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Halo: Reach


13:5021/09/2010Posted by Chris MorellNo Comments

Space marines, dropships, laser swords and vicious alien species have always featured heavily in the sci-fi genre. Thanks to the stellar work at development studio Bungie, these things are now synonymous with quality gaming and high-octane, multiplayer thrills. The saga may have concluded with Halo 3, but the fight is far from over with Halo: Reach – a prequel to the Xbox original – in which a crack team of super soldiers must go toe-to-toe with humanity’s most fearsome foes. It may be Bungie’s last hurrah for the series, but this is Halo in its purest form, and while the stalwart fans aiming to take another shot at the Covenant are in for a treat, those yet to be enamoured with this alien-blasting franchise will once again be left scratching their heads over all the attention it garners.

You take helm of Noble Six, the latest member of the Spartan-squad known as Noble Team in their quest to defend Reach from the looming Covenant forces. Gender, colour and helmet are customisable from the outset, and your own version of Six is made all the more personal by his or her appearance in the bountiful cutscenes. You’ll see the visor and hear the voice, but very little beyond that – your character is just as mysterious as the Master Chief, but thankfully almost everyone else removes their helmet on occasion to add that human touch. The scenes are well animated and the voice work is decent, so long as you don’t expect any one character to exhibit the same sense of presence as Cortana or The Arbiter. Noble Team is essentially a one-note frat-squad, yet the later scenes do a fine job of displaying their loyalty to one another as well as their commitment to the cause. The story and dialogue can get confusing for the uninitiated, but what it all boils down to is humans good – Covenant bad, so only rarely does it become an issue.

The single-player campaign is noticeably harder this time around, as was the intention of the development team. Enemy forces dive out of the way on a regular basis, making deft use of any cover they can find. It goes without saying that you should do the same; indeed it’s imperative for the sake of your own survival. It’s not exaggerating to say that being caught out in the open will result in a swift demise, and as frustrating as it can be when dropships unload their bloodthirsty cargo into the path ahead, it all leads to a tense and thoroughly engaging experience, making the war seem like an overwhelming struggle for the grossly outnumbered Spartans. There is an easy mode for newcomers to the series, but it disables any in-game achievements you might otherwise earn.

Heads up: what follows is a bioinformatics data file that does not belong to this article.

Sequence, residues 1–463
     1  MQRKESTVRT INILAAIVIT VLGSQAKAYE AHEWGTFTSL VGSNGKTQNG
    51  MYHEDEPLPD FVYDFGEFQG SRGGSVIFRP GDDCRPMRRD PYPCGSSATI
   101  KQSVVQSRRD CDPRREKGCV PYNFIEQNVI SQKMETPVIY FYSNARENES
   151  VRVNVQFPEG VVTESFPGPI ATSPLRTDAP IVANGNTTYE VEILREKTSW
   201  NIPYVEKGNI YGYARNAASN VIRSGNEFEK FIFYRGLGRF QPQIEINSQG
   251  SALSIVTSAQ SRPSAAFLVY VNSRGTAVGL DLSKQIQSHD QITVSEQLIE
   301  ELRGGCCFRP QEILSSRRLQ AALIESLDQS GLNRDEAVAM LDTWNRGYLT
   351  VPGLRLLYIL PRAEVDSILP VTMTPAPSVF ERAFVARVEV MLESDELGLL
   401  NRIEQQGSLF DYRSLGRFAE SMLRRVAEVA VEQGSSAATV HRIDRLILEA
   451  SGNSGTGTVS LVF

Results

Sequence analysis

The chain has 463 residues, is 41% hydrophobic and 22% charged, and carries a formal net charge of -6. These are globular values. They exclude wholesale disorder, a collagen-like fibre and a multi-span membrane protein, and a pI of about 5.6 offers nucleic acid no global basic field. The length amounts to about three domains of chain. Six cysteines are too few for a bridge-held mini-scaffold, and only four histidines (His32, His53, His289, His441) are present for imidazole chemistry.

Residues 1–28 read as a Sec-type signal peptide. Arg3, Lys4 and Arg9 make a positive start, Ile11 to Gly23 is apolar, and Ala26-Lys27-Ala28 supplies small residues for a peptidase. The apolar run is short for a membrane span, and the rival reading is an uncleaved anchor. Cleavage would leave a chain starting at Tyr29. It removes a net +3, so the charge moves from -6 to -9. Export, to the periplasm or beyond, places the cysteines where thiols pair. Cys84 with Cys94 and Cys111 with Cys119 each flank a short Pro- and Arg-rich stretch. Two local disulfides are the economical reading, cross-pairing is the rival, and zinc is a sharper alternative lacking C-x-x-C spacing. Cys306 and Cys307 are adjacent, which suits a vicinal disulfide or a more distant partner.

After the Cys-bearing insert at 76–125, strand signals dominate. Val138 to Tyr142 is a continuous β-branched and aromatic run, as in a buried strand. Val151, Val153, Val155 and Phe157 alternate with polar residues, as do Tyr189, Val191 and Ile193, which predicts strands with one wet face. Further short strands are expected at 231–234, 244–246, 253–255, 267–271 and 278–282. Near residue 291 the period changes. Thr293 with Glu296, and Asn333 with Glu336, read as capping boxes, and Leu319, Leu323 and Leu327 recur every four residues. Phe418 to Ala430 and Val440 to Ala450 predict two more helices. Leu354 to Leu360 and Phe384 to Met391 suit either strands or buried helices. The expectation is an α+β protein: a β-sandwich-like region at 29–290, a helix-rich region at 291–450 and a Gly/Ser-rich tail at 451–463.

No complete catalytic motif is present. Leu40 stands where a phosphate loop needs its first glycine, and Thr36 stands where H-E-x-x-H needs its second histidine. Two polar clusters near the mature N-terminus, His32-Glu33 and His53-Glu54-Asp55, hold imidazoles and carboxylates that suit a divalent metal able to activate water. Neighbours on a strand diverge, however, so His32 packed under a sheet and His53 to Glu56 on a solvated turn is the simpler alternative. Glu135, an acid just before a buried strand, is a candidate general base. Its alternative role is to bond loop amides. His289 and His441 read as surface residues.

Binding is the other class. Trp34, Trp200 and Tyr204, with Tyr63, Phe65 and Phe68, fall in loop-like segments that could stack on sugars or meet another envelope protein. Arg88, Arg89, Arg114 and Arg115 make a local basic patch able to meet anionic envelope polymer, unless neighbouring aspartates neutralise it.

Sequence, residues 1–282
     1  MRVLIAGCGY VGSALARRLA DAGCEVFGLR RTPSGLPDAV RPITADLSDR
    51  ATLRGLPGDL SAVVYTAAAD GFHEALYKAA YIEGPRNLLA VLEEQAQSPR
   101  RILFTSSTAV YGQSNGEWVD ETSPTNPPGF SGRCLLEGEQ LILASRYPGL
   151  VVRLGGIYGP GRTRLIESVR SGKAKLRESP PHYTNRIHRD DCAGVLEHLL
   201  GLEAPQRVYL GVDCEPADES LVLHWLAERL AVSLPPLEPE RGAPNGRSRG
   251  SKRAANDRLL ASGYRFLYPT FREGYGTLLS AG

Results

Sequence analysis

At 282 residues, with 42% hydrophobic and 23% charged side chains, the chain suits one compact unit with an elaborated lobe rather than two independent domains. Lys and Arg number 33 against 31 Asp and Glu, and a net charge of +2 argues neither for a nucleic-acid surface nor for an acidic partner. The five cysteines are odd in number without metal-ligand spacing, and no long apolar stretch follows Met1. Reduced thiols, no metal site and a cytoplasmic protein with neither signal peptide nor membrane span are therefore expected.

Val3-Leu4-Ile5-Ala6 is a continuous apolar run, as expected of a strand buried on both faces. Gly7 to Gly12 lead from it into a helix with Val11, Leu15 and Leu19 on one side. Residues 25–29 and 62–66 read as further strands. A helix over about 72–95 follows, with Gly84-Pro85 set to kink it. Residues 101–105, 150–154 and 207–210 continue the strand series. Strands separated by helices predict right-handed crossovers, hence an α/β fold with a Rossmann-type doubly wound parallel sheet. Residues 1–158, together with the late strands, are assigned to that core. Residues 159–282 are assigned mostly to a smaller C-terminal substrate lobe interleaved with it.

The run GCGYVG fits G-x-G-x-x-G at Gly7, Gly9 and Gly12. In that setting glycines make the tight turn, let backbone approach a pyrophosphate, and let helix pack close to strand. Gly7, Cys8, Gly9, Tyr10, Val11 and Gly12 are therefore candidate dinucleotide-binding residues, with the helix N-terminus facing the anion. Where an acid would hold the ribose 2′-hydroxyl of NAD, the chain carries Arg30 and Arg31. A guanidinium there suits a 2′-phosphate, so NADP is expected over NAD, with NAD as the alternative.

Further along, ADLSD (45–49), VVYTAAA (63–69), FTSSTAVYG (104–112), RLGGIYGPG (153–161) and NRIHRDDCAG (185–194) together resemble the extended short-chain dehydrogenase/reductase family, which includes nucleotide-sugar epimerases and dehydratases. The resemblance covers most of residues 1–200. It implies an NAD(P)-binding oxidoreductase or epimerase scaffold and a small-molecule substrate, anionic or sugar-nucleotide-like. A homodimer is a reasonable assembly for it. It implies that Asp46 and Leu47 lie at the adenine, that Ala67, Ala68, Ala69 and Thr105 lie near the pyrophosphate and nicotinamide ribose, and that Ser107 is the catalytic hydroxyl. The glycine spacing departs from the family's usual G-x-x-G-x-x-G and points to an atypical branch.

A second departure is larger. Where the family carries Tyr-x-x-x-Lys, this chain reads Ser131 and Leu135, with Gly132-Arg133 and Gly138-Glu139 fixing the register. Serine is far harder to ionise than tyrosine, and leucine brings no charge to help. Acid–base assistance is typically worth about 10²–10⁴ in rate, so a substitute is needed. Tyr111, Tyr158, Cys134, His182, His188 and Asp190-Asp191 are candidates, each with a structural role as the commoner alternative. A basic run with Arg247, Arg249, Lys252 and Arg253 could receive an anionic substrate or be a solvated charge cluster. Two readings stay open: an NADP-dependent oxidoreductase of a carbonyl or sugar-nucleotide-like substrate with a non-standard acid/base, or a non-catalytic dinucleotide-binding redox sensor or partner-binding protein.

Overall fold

Given the increase in enemy aggression, it would be fair to assume your allies might develop at least a small increase in mental capacity. Six may be the newest member of Noble Team, but all too often it can seem like s/he’s the only one with the chops to get things done, particularly when it comes time to mount up on any one of the presented vehicles. We wouldn’t expect our fellow AI Spartan to give as good as Six against a pair of Hunters, but we didn’t expect him to hide in a corner either, prancing in with a cocky one-liner at the moment of our victory – it was around this time that we almost started routing for the Covenant, had we not spent so much time swearing at them thanks to their increased strength and evasive techniques.

Veteran Spartans will know what to expect from the armoury, from the standard Assault Rifle to the super-powered Gravity Hammer. The game presents a few alterations to the arsenal as well as the odd addition thrown in for good measure (namely in the alien plasma weapons), so there’s enough incentive to change things up regularly, not least because of the scarcity of ammo. Add to that the need to empty an entire clip into the most bog-standard foe and you have the recipe for an intense, even hair-raising adventure demanding a good deal of strategy with regards to weapon management and ammo consumption. To mix things up further, Reach includes a number of armour abilities such as the sniper-friendly Active Camo and the distraction-based Holographic Decoy. Armour Lock can be useful in a tight spot when you need to recover shields quickly, but its effectiveness is questionable in a multiplayer setting, affording the enemy enough time to get the right aim to take you down. Jetpacks play a small role in the campaign, as do numerous other additions including the rather bland space flight segments. The minute-to-minute action is still very much the Halo we’re used to, albeit with a few new bells and whistles added to liven things up.

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